Mastering Threads in Java: Top Interview Questions and Answers



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Mastering Threads in Java Top Interview Questions and Answers

Threads are a fundamental part of the Java programming language and are used to perform concurrent tasks within a Java program. In this article, we'll discuss what threads are, how to create and start them, and how to synchronize them to ensure that critical sections of code are executed correctly.

What are threads?

A thread is a lightweight process that runs concurrently with other threads. Each thread has its own call stack, which is used to store the local variables and method calls for the thread. This allows each thread to have its own execution path, which can be used to perform independent tasks within a Java program.

Creating and starting threads

There are two ways to create a thread in Java: by extending the Thread class or by implementing the Runnable interface.

To create a thread by extending the Thread class, you need to override the run() method, which is used to specify the code that should be executed by the thread. Here's an example of creating a thread by extending the Thread class:
public class MyThread extends Thread {
public void run() {
// code to be executed by this thread
}
}
To create a thread by implementing the Runnable interface, you need to implement the run() method and pass an instance of the Runnable implementation to the Thread constructor. Here's an example of creating a thread by implementing the Runnable interface:

public class MyRunnable implements Runnable {
public void run() {
// code to be executed by this thread
}
}

Thread thread = new Thread(new MyRunnable());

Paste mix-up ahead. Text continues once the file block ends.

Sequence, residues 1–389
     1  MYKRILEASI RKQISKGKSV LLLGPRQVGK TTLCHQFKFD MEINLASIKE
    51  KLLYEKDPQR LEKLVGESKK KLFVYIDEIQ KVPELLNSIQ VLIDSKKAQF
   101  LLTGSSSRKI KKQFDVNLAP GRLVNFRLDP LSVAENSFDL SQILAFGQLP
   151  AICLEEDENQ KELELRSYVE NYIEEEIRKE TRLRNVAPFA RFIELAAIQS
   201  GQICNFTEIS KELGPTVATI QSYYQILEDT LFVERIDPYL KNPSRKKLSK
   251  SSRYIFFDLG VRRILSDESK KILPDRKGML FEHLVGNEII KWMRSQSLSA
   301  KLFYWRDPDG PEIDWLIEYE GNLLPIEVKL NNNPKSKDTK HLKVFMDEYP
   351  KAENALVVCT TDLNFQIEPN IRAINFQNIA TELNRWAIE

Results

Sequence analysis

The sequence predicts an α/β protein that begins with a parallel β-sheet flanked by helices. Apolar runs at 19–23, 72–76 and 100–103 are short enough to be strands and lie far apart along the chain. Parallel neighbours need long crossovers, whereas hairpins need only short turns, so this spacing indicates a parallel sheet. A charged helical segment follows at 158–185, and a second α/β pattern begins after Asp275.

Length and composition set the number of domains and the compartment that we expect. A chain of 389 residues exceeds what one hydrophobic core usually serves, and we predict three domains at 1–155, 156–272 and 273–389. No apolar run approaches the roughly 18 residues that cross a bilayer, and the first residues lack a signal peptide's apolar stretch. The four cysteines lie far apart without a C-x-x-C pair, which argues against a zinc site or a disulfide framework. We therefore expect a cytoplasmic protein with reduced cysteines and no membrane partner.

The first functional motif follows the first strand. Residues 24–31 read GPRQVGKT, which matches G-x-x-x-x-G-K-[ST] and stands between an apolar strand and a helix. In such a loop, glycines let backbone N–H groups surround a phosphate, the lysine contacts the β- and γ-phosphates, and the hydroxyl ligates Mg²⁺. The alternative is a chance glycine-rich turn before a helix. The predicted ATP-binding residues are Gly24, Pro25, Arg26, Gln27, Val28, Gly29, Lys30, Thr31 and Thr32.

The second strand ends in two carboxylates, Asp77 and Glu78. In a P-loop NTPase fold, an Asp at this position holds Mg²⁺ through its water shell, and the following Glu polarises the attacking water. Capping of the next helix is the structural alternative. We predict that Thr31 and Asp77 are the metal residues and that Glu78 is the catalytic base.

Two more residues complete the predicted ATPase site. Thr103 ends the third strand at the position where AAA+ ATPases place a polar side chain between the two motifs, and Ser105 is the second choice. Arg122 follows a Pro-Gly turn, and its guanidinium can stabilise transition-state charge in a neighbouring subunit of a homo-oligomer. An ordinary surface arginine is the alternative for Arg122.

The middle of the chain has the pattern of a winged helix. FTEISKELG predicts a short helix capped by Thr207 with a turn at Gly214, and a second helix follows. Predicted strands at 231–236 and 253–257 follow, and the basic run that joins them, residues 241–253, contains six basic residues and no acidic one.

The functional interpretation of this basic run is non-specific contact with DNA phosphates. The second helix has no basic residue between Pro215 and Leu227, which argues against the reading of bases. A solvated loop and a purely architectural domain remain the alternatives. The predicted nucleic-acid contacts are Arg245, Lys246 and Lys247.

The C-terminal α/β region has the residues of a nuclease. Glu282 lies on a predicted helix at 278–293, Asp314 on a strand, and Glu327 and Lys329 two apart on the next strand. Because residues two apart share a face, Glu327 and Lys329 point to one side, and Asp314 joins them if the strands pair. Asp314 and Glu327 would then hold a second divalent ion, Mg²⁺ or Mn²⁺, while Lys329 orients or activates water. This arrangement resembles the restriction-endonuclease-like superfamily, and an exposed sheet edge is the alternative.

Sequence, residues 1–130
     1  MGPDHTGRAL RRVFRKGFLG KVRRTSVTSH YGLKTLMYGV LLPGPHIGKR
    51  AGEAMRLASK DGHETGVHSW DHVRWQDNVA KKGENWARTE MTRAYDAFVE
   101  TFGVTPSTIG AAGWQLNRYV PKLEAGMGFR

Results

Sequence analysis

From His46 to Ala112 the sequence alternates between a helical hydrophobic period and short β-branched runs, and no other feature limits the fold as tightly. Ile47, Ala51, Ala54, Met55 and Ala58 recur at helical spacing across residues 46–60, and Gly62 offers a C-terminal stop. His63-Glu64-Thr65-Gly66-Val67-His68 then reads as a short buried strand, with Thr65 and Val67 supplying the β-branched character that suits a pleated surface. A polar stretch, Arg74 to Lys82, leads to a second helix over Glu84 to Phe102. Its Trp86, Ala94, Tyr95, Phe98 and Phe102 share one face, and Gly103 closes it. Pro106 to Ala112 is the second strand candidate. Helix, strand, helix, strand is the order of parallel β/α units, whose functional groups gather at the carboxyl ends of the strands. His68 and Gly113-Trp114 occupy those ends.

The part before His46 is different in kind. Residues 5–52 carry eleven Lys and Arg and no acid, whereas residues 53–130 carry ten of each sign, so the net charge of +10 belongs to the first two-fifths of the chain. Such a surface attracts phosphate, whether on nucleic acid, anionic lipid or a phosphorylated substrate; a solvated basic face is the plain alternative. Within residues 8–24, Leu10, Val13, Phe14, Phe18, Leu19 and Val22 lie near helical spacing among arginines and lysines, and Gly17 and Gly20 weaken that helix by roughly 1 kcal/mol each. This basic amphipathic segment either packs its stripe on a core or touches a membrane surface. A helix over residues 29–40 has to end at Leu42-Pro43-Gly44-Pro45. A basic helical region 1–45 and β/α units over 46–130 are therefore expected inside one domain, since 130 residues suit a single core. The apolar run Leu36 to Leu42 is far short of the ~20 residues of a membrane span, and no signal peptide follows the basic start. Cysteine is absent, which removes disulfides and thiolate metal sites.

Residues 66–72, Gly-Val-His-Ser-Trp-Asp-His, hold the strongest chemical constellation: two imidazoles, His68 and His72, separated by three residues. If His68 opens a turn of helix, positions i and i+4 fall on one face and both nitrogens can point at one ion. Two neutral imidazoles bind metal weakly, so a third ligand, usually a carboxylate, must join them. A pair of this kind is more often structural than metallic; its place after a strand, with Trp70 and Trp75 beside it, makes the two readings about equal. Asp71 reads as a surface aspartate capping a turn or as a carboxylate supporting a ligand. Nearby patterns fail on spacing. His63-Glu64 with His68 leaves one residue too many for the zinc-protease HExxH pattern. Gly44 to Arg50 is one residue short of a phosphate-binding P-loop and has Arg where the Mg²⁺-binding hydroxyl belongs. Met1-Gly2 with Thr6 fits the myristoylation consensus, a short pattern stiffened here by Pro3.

To start a thread, you need to call its start() method. This will create a new thread and execute its run() method. For example:

Thread thread = new MyThread();
thread.start();
Synchronizing threads

When multiple threads are running concurrently, it's important to synchronize their access to shared resources to ensure that critical sections of code are executed correctly. To synchronize threads in Java, you can use the synchronized keyword to block access to a critical section of code. Only one thread can execute the critical section at a time, and other threads that try to enter the critical section are blocked until it is available.

Here's an example of using synchronized to synchronize threads:

public class MyThread extends Thread {
public void run() {
synchronized(this) {
// critical section of code
}
}
}
You can also use the wait(), notify(), and notifyAll() methods to synchronize threads and control their execution. The wait() method can be used to block a thread until it is notified by another thread, while the notify() and notifyAll() methods can be used to wake up threads that are waiting on a particular object.

Conclusion

Threads are an essential part of the Java programming language and are used to perform concurrent tasks within a Java program. By creating and starting threads, and synchronizing their access to shared resources, you can write efficient and scalable Java programs that can take advantage of multiple processors and cores.
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